- The broker configuration auto.leader.rebalance.enable=true allows the controller node to reassign leadership back to the preferred replica leaders and thereby restore the even distribution.
- Running Kafka-preferred-replica-election.sh forces the election of the preferred replica for all partitions: The tool takes a mandatory list of zookeeper hosts and an optional list of topic partitions provided as a JSON file. If the list is not provided, the tool queries zookeeper and gets all the topic partitions for the cluster. It might be a tedious task to run the Kafka-preferred-replica-election.sh tool. Customized scripts can render only the necessary topics and their partitions and automate the process across the cluster.
SOLVING BROKER SKEW
Let us consider a Kafka cluster with 9 brokers. Let us consider the topic “unbalanced_topic”. The topic has been assigned to the brokers in the following way:
The topic “unbalanced_topic” is skewed on the brokers 3,4 and 5. Why?
A broker is said to be skewed if its number of partitions is greater than the average of partitions per broker on the given topic.
It can be solved by using the following steps:
- Using partition reassignment tool (Kafka-reassign-partition.sh), generate (with the –generate option) the candidate assignment configuration. This shows the current and proposed replica assignments.
- Copy the proposed assignment to a JSON file.
- Execute the partition reassignment tool to update the metadata for balancing.
- Once the partition reassignment is completed, run the “Kafka-preferred-replica-election.sh” tool to complete the balancing.
The Kafka-reassign-partitions.sh has its limitations as it is not aware of partitions size, and neither can provide a plan to reduce the number of partitions to migrate from brokers to brokers. By trusting it blindly, you will cripple your Kafka cluster performance.
A customized script can be written which would render the optimal assignment of the partitions. The script should follow the steps below:
- Obtain input from the user for the topic which has to be rebalanced.
- Capture the existing configuration of the Kafka Cluster and identify the brokers on which the particular topic is skewed. This information should consist of the number of partitions (NOP), partitions and Leader partitions for each broker.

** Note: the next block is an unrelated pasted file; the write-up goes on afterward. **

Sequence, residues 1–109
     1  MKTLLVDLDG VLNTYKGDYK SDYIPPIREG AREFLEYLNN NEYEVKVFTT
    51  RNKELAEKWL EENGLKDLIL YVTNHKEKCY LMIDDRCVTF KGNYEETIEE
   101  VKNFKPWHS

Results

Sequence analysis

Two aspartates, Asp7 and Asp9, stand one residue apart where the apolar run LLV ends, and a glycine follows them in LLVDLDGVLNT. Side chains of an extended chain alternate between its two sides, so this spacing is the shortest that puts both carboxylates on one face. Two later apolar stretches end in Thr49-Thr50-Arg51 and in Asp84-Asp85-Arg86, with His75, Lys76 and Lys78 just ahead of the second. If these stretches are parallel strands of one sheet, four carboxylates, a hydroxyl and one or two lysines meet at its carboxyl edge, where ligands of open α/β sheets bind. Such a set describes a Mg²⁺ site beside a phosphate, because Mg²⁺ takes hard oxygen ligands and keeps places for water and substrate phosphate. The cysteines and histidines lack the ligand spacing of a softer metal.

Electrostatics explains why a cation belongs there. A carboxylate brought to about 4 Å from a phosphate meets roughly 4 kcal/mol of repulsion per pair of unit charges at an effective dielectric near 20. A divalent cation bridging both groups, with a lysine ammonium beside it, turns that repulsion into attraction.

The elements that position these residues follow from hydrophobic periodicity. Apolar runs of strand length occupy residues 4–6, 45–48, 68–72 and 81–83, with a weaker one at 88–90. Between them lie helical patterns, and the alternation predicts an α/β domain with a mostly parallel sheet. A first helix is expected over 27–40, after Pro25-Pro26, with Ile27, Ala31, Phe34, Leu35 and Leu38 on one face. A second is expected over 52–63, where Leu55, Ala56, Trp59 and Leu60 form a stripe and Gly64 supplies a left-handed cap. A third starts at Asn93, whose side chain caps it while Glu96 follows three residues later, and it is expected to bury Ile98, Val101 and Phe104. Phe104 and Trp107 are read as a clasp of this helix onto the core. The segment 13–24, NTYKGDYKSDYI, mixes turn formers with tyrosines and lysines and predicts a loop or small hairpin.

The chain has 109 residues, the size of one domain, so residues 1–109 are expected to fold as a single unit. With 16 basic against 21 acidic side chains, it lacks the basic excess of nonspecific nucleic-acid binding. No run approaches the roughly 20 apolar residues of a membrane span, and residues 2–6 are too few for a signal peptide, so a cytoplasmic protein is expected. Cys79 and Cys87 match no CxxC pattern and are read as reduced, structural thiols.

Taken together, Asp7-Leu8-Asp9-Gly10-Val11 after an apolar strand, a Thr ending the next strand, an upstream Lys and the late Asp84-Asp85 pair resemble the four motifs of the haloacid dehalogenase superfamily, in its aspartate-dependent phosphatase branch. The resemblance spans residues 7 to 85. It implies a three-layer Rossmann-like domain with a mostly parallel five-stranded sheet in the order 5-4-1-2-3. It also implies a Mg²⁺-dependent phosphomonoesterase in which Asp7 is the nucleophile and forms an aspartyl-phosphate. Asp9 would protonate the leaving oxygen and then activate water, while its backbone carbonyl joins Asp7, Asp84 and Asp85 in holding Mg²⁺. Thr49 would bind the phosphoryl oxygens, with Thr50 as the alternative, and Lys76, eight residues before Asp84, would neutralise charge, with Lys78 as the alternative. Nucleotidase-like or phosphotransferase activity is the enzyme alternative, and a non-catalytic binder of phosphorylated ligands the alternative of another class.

- After obtaining the above information, we can calculate the optimal number of partitions per broker. (Optimal number of partitions (ONOP) = Total number of partitions across all brokers/ Total number of brokers)
- Form a path for reassignment of partitions in such a way that the partitions are moved from the Brokers whose NOP > ONOP to the Brokers whose NOP < ONOP. Make sure that the Leader partitions have minimal movement. This step has to be iterative.
- Output the information into a JSON file which is acceptable to be run with “Kafka-preferred-replica-election.sh”. The format to be followed can be obtained using the partition reassignment tool “Kafka-reassign-partition.sh” by generating a candidate assignment configuration.
Note that the above script takes the Topic name as the user input and output the JSON file with respect to the particular Topic. Once the reassignment is successful for all partitions, we can run the preferred replica election tool to balance the topics and then run “describe topic” to check the balancing of topics. On the whole, rebalancing your Kafka is the process where a group of consumer instances (belonging to the same group) co-ordinate to own a mutually exclusive set of partitions of topics that the group is subscribed to. At the end of a successful rebalance operation for a consumer group, every partition for all subscribed topics will be owned by a single consumer instance within the group.